If your Webflow website takes longer than 2-3 seconds to load, there are a few possible causes. Let’s take a looks at 3 and how to solve them.
In this lesson:
Note: Your site might not load as expected in China due to access restriction.
Webflow service issues
If you’re having trouble with your Webflow site, it might be because of a Webflow service error. Here are 3 places you can check:
- Down for everyone or just me will give you Webflow’s current status
- Webflow's status page monitors and reports incident details around the clock for the Webflow Dashboard, servers, etc.
- Webflow's Twitter account shares updates about Webflow performance issues
Network connection troubleshooting
Slow or intermittent network connection can also cause slow load times.
Note: If you're experiencing a network issue, test your local network/router, contact your internet service provider, or wait until the network connection is resolved.
Let’s look at 3 ways you can troubleshoot your network connection.
1. Try a proxy server or VPN
Proxy servers load your site from a third-party location and usually bypass local network problems. Try loading your site using a proxy server or VPN. If your site loads normally through a proxy server but slowly for you, you’ve identified a network problem.
2. Test the site in the US or Canada
If you aren't in the Americas, ask someone in the United States or Canada to test the site’s performance. If it loads fast for them but slow for you, then you’ve identified a network problem.
3. Contact us
Let us know which site is giving you trouble and we can test it on our end. If the site loads fast for us but slow for you, you’ve most likely got a network problem.
There are many reasons for loading issues — some examples are:
- Unnecessarily large images
- Linked assets
- Third-party plugins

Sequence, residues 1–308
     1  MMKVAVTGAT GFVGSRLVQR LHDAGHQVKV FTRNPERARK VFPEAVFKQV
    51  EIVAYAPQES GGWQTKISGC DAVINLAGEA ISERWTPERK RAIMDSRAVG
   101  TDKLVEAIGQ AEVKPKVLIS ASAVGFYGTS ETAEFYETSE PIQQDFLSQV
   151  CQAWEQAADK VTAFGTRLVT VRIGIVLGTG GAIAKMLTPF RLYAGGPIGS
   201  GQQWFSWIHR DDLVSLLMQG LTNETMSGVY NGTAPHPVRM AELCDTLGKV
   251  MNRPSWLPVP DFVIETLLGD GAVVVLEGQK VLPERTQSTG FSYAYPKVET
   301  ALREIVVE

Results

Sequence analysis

- Excessive transitions/transforms
- Excessive interactions and animations
- Embedded content
Test your site's load time with a free online website speed test, and follow the steps below to speed things up.
Optimize large images
Large images are the single most common reason websites perform slowly. Here are some best practices when it comes to images in your Webflow site:
- Use vector images when possible
- Compress raster images
- Use the correct image format (JPG, PNG, GIF, etc.)
- Keep image display size as close to the image’s natural size as possible
Limit linked elements
Many web pages contain references to elements hosted on external servers, requiring additional time to load through your server and browser. The more linked elements you have (e.g. scripts, images, Twitter feeds, etc), the slower your website.
Limit the number of linked elements on your site as much as possible. If your site is hosted on your own server, upload copies of external content to your server instead of using a third-party server every time your page loads.
Update, replace, or remove third-party plugins
Plugins can be poorly written, poorly maintained, and even unsupported, causing slow loads. If your plugins are causing your site to load slowly, consider updating them, replacing them with similar plugins with better ratings for efficiency and speed, or removing them entirely.
Remove unnecessary transitions/transforms
Webflow makes it easy to add CSS transitions and transforms to your site, but you shouldn't overdo it. Only use transitions and transforms that add to the experience. And when adding transitions, only select the properties you wish the transition to affect, rather than all properties.
Remove unnecessary interactions
Each interaction on your site adds load time. Make sure your site element structure allows you to:
- Use the same interaction on multiple elements
- Avoid using duplicate interactions when possible
- Use interactions only when they truly add to the experience